This week in regulation


The Speed Read

  • High-cost credit: what next?
  • Too many to-dos: UK households face 33 tasks a week on average
  • FCA calls for innovation to help customers find the best mortgage deal

High-cost credit: what next?

Andrew Bailey, FCA Chief Executive delivered a speech on high-cost credit at a New City Agenda Event. We bring you the key points.

Taking responsibility for regulating consumer credit in 2014 has been one of the largest tasks the FCA has undertaken. At the end of the month, the regulator will be setting out steps to tackle problems it has identified associated with high-cost credit.

Mr Bailey listed 13 products the regulator considers consumer credit products, including credit cards, overdrafts, motor finance, payday loans and pawn broking.

Noting that a sub-set of consumer credit activities are high-cost, he highlighted the regulator’s focus on overdrafts, rent-to-own, home-collected credit and catalogue credit because of the risks these directly pose to customers.

Stark attention was drawn to some key findings within the 2017 Financial Lives Survey:

  • 6% of UK adults have one or more high-cost loan, or have had one in the previous 12 months
  • 25% – 17.9 million adults have been overdrawn in the last 12 months, with 3.1 million having used an unauthorised facility
  • People showing characteristics of vulnerability were twice as likely to use high-cost credit.

Mr Bailey continued to focus on the need to identify vulnerable customers and understand their interaction with high-cost credit products. Included in some of these stats was the surprising categorisation of 18–24 year olds, who are often saddled with high Student Loans and other debts – the average outstanding amount being £17,440. While this group is tech-savvy, they are also the least confident in managing money and the least knowledgeable about financial matters. “Tech and financial awareness do not necessarily go together” he commented.

The survey results painted a gloomy picture for 25–34 year olds too. “Adults aged 25 to 34, have the highest level of over-indebtedness of any age group, with below average financial resilience, and the highest ownership of high-cost loans along with the next group up (35 to 44 year olds). 37% of all UK adults with a payday loan are in this age group.”

35–44 year olds are most likely to hold an unsecured consumer credit product, but are the most financially resilient.

Mr Bailey went on to disclose the figures on overdrafts, rent-to-own and catalogue credit including:

  • Revenues from unarranged overdrafts were up around 200% on average from 2016
  • The overall outstanding debt of rent-to-own customers doubled between November 2014 and November 2016
  • Catalogue credit customers have a slightly higher annual income than consumers of home-collected credit and rent-to-own.

“Consumers using catalogue credit are drawn from a wider socio-economic group and have on average higher credit scores than other high-cost credit products. However, we still have concerns about catalogue credit products regarding the high level of arrears.”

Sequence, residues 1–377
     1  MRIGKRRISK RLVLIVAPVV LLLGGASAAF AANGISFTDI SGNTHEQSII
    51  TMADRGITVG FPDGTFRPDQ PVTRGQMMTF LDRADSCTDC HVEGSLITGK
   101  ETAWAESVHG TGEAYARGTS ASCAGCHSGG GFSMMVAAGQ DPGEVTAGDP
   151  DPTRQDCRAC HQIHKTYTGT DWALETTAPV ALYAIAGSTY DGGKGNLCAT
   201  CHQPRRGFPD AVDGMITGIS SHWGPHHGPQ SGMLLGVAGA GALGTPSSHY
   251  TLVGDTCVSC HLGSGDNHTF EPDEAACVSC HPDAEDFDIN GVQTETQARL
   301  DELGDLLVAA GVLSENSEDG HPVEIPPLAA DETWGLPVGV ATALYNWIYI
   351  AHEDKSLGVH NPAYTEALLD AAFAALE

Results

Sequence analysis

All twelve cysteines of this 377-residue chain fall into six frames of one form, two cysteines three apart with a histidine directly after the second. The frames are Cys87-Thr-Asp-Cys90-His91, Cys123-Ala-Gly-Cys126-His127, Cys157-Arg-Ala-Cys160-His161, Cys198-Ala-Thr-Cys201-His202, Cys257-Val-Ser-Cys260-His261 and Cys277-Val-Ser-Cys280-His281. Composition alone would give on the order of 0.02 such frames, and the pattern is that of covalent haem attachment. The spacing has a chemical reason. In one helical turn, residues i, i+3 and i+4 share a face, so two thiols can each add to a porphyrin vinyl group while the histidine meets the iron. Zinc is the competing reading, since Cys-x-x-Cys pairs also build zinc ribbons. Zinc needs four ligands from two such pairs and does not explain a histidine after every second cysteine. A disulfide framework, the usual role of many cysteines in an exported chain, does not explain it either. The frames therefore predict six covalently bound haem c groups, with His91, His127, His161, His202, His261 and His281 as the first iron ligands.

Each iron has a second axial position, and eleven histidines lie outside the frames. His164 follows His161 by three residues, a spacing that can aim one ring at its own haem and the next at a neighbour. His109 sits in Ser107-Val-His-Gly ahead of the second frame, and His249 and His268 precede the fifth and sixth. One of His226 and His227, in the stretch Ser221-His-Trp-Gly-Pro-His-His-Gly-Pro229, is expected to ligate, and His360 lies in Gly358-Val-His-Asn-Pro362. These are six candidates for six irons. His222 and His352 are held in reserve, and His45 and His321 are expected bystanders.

Mr Bailey highlighted the importance of consumer credit products for customers with lower credit scores, but he made it clear it’s the FCA’s duty to make sure credit is given where appropriate, and that it’s affordable.

“Our view is that the provision of credit can nevertheless have a socially valuable function. High-cost credit users typically have low credit scores, and many do not have savings but may need credit to make ends meet and avoid wider financial difficulties, for example, default on household bills or priority debts.”

In tackling payday loans, Mr Bailey noted that defaults have fallen by a third. He also praised debt charities for their work, alongside the payday loans cap.

He advised that the regulator is examining a range of approaches to price capping in other areas of high-cost credit and overdrafts, with its views to be released next month.


Too many to-dos: UK households face 33 tasks a week on average

75% of UK adults tackle their ‘to-do’ list over a Bank Holiday weekend, with ‘sorting finances’ topping the list.

The FCA commissioned research into the matter, to run alongside its campaign to raise awareness of reclaiming PPI before the deadline of August 29th 2019.

The results revealed that 60% of adults feel overwhelmed by the tasks they face. The regulator enlisted the help of Countdown’s Rachel Riley and 1990s icon Mr Motivator to spur on customers.

Rachel has five top tips to help get people started. Find out more.


FCA calls for innovation to help customers find the best mortgage deal 

The regulator has published its interim report into the mortgage market, finding that competition is working well for many people.

The FCA has also identified a number of ways the market can improve and assist customers in finding the best deal and to help ‘mortgage prisoners’ in accessing the market when looking to switch to a better deal.

The findings include:

  • High choice leads to three quarters of customers switching to a new deal within six months of moving onto a reversion rate
  • 30% of customers fail to find the cheapest mortgage for them
  • A number of long-standing customers whose payments are up-to-date are struggling to switch.

The regulator identified a number of ways the market can work better for customers, including:

  • Making eligible mortgage products more accessible at an early stage to help customers compare and take out mortgages
  • Removing barriers to innovation in the sale of mortgages
  • Exploring options to help long-standing customers switch.

A final report is expected at the end of the year and the FCA will consult on any specific changes required to its rules.

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